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How to grow vegetables in small gardens - Geoff Hawkins

October 10, 2016

 

Following this inspirational and very instructive talk the members may be forgiven if they returned home resolved to convert their lawns into productive vegetable plots. Geoff Hawkins succeeded in covering almost every aspect of growing vegetables during his presentation. Whilst aimed at those with small gardens there was plenty of practical advice equally applicable to gardens of all sizes. Growing vegetables in containers is ideal where space is limited and the containers can take many forms including boxes, old tyres stacked on top of each other, bags and even items of ladies underwear strung up on a line. Raised beds also work well in small areas and are suited to ensuring the 4 crop (potatoes, legumes, brassicas and onions and roots) rotation system which is important to reduce the build up of pests and diseases in the soil.

 

Geoff explained why it is preferable to grow crops in rows running north/south so they can receive sunlight from the east and the west as the sun moves around during the day. Maintaining soil fertility through the judicious use of fertilizers and compost was also addressed. Whereas some popular fertilizers, such as Growmore, provide the three essential nutrients of nitrogen, phosphate and potash, other products, such as Vitax Q4, are superior as they also contain trace elements.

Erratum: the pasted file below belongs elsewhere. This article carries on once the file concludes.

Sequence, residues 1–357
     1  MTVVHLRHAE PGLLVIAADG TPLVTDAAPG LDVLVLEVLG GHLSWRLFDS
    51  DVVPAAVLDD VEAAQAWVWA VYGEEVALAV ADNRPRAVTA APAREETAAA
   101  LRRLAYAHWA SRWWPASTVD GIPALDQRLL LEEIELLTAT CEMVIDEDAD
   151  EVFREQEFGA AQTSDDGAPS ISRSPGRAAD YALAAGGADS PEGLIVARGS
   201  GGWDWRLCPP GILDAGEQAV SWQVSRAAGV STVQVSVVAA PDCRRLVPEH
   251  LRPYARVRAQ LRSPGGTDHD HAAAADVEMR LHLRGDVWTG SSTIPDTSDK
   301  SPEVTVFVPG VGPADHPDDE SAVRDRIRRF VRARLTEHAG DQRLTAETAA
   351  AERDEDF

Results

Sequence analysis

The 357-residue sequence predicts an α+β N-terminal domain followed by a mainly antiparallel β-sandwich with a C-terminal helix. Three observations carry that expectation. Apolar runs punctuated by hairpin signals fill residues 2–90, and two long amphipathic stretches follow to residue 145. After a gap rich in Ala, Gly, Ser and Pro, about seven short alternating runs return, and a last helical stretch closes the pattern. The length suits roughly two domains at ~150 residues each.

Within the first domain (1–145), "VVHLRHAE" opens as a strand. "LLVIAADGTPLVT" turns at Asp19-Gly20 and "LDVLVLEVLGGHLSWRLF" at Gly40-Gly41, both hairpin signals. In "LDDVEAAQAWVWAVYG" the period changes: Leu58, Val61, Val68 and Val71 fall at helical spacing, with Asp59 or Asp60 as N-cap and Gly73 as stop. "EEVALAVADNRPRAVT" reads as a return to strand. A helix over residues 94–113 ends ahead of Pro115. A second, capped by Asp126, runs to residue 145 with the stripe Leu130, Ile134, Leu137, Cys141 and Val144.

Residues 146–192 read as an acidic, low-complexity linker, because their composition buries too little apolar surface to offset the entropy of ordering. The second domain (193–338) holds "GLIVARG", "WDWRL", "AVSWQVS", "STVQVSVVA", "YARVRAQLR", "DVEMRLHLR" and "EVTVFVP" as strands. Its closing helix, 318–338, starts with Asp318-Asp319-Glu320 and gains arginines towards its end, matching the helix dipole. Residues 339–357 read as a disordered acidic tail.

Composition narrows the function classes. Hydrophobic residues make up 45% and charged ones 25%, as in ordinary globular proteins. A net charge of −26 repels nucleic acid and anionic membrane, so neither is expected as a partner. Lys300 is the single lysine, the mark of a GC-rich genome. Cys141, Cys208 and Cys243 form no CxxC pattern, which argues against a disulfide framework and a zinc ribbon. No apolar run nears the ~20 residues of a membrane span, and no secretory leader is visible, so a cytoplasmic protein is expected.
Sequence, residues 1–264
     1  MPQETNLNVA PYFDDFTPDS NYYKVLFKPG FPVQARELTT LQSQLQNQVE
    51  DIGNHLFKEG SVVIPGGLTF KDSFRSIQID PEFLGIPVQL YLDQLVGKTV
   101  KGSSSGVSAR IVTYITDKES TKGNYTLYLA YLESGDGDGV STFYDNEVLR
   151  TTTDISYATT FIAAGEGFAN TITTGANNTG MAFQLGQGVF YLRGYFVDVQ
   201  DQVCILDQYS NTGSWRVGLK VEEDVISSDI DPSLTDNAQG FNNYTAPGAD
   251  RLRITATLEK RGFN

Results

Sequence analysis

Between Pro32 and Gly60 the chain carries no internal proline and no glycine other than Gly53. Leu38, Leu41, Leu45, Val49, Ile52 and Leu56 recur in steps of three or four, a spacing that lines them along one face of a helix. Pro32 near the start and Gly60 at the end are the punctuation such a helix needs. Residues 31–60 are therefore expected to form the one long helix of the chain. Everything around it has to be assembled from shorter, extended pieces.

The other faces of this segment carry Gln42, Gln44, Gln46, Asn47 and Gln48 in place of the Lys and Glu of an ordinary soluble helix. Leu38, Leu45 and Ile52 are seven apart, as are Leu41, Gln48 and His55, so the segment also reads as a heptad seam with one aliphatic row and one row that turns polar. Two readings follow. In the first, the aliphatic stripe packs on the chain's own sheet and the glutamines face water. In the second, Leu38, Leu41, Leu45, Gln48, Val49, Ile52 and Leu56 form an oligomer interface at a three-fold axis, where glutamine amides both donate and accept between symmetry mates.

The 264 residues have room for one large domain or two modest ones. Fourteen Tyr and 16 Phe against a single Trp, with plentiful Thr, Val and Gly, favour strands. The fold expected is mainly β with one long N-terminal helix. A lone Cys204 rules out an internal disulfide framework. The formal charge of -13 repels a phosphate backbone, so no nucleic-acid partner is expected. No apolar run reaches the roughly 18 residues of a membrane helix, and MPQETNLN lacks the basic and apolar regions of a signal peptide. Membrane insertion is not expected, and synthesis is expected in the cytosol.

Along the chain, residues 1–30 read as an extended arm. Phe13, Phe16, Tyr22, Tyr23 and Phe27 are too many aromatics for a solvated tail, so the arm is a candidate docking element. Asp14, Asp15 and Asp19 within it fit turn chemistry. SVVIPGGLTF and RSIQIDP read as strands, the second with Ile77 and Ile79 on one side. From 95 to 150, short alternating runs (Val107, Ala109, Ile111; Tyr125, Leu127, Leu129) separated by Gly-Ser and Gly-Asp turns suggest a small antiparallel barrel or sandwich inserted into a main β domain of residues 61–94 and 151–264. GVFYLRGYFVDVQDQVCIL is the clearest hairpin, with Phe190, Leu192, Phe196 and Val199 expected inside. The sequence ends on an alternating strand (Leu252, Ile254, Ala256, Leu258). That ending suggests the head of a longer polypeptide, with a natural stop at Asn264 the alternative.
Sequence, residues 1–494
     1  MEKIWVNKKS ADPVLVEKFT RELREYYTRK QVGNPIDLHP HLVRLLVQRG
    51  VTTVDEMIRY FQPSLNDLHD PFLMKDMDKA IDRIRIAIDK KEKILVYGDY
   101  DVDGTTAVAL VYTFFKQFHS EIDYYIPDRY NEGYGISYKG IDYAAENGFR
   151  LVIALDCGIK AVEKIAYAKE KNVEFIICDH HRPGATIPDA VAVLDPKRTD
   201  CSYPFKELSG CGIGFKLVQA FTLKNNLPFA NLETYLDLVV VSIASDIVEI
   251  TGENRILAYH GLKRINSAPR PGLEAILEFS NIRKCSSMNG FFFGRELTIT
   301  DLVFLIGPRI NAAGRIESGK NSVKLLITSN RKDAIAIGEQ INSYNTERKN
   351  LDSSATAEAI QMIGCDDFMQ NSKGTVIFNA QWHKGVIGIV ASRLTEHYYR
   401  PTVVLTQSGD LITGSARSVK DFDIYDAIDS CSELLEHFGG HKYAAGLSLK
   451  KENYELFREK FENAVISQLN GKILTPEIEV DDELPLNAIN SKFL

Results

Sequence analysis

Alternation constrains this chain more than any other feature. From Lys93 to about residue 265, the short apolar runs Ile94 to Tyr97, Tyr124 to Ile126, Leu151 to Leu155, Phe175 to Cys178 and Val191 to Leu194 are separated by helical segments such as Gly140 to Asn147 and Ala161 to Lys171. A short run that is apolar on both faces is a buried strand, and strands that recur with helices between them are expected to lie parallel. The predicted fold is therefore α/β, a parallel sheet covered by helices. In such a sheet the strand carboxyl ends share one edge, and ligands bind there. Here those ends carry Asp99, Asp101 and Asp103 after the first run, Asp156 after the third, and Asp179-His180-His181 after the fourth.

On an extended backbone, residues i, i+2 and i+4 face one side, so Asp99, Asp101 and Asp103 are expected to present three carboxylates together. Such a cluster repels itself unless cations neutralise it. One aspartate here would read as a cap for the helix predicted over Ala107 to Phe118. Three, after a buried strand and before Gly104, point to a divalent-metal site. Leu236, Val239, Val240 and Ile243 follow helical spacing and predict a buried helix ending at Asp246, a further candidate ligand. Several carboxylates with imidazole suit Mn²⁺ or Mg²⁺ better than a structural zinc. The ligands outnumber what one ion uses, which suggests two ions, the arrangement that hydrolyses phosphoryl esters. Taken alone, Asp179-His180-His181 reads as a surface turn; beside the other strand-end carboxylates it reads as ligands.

There was advice on what to grow and what not to grow when space is limited. Mangetout peas are preferable to ordinary peas, which Geoff conceded are better purchased in frozen packs. One of the benefits of growing your own vegetables is the freedom to choose tastier varieties than grown commercially, such as the tomato variety “Brandywine”, or the parsnip variety “Gladiator”, which does not require a frost to develop a sweet flavour. One can also grow vegetables rarely on sale such as kohl rabi, a brassica producing a tennis-ball sized swollen stem, which is very popular in Central and Eastern Europe.

 

Choosing varieties with disease resistance is an important consideration, so those plagued with clubroot, a plant pathogen that survives in the soil, should grow the “Crispus” variety of Brussel sprout, “Clapton” cauliflower and “Kilston” cabbage.

 

If members put only a fraction of all the advice we received into practice then we can expect even more entries and even a higher standard at future Autumn Shows.

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